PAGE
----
How to Crochet During the Apocalypse: Telling Stories

Repent, for the kingdom of heaven is at hand. The time is fulfilled, and the kingdom of heaven is at hand. Repent, and believe the gospel.

Jesus ~ Mark 1:4

Repent: Change your way of thinking.

Gospel: The Good News, the best news ever.

This is the secret of good storytelling: to lie, but to keep the arithmetic sound.

Kurt Vonnegut ~ Palm Sunday

These two quotes together are not meant to imply that the gospel according to Jesus is a lie; rather they are to illustrate how far the gospel according to Christians has deviated from the original gospel. Nowhere is this more evident than in the word “repent.”

In most Christian circles, the word “repent” is accompanied by the unspoken caveat “or else you will go to hell.” This was certainly true at the commune. The Patriarch was especially adept at this inference. When we went witnessing, he would say “Reeepent!” in a deep, strong voice that always attracted an audience. It was like a bullhorn. I think that because he had repented of his whoremongering ways, he thought everyone else should “go and do likewise.”

(Note: On time the Face’s dad asked him about the Patriarch. The Face replied that he used to be a whoremonger, to which his dad replied, “Well, hello dere!”)

In my opinion, wanting everyone to go and do likewise is the impetus behind all the witnessing that goes on. A person has a life experience and assumes that it is the same for everyone else. (“If it happened to me, it happens to we.”) They operate on the ubiquitous “we.” I myself am not too keen on the Ubiquitous We – UW. I don’t mind when a person marches to the beat of his or her own drum, but I resist being dragged along in the parade.

My first encounter with UW was in the book Psychocybernetics by Maxwell Maltz. My dad gave it to me to read when I was in high school. I was okay, but the author kept telling me what I thought and how I felt. It was his particular gospel, but it was not good news to me.

I never did like witnessing and sharing the Christian gospel; however, it was expected of all disciples of the Christian faith, so I tried my hand at it. Besides, there was the Apocalypse to consider. It’s a pretty good story, despite the faulty arithmetic. It has a simple, direct, end-of-the-world scenario that people can relate to. It keeps people reading and, at times, is even an accurate representation of life. It’s as good a reason as any to repent, so I went witnessing.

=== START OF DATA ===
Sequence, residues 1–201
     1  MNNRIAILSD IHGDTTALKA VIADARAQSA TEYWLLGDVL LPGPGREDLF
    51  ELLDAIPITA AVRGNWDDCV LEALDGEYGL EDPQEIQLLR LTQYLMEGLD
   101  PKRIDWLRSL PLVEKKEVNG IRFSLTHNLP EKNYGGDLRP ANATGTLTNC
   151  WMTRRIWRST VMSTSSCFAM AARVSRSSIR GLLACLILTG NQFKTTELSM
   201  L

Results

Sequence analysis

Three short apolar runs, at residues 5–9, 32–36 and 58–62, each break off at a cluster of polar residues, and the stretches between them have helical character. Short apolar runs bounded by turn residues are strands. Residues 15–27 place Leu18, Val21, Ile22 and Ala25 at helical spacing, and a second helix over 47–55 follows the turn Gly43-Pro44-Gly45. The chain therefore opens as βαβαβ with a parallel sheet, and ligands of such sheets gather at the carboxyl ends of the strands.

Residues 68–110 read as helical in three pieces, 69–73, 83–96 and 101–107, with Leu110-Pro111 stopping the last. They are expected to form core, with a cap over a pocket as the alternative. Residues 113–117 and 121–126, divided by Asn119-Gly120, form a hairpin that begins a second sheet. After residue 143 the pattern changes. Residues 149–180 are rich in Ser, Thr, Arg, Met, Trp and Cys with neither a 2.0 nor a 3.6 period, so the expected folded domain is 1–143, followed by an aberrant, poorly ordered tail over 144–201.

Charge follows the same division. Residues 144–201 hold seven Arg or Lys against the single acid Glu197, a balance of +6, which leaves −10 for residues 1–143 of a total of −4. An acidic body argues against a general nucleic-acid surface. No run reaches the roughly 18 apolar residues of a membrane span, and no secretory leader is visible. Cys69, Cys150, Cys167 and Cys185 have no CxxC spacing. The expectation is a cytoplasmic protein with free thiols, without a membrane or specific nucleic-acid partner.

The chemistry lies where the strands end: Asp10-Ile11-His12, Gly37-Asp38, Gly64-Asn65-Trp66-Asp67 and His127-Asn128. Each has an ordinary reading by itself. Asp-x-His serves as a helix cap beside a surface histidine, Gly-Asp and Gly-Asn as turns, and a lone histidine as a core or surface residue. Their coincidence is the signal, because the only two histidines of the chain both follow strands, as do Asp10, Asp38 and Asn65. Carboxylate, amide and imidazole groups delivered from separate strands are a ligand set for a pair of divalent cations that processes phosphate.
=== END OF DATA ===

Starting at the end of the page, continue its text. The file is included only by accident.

On one memorable occasion, I was at Fashion Fair mall in Fresno with the Angela. We struck up a conversation with two teenage girls at J. C. Penney’s. I don’t know how it came about, but we ended up praying with them near the cosmetics counter with “You’re So Vain” playing in the background. Before we parted company, I gave the girls my name and the house phone number.

That evening I got a phone call from one of the girl’s mother wanting to know what the heck I said to her daughter. She informed me that she and her family were Christians and attended church on Sunday and what was I doing praying the sinners’ prayer with her daughter. She also wanted to know if my mother knew where I was and what I was doing. She was definitely annoyed with me. Thank goodness I didn’t tell the girl that her mother was going to hell!

Another Memorable Moment in Witnessing took place at night on “G” Street in Fresno. G Street was a known prostitute hangout. (Note: One of the brothers loved going to G Street to witness; it was his favorite place to share the gospel and spread the love. He was one of the brothers I ate the onion sandwiches for.)

Anyway, one of the ladies grew irate at our presence on the street. Love – that was her name – read us sisters the riot act. She took each one of us apart, ranting on and on about how sheep-eyed, pasty-faced, and baggy-shaped we looked. We endured her insults in solemn and sanctimonious silence because, as the communies knew, few things are as spiritually satisfying as a little painless persecution.

Since the commune days, I have reflected on the whole witnessing thing, and I still don’t like it. It’s rather odd that the Good News, the BEST NEWS EVER, has been left to us humans to share. I suppose God is okay with that even though some of us make a muddle of it. Nevertheless, I prefer Christianity to other major religions because its founder taught that people should love God and love each other. I can buy that. A religion that teaches hatred, intolerance, or even indifference just doesn’t work for me. But what do I know? Someday I will know nothing, and then I will have a story to tell.

Note to self: Since I am telling this story, does this mean I actually know nothing? Naa….

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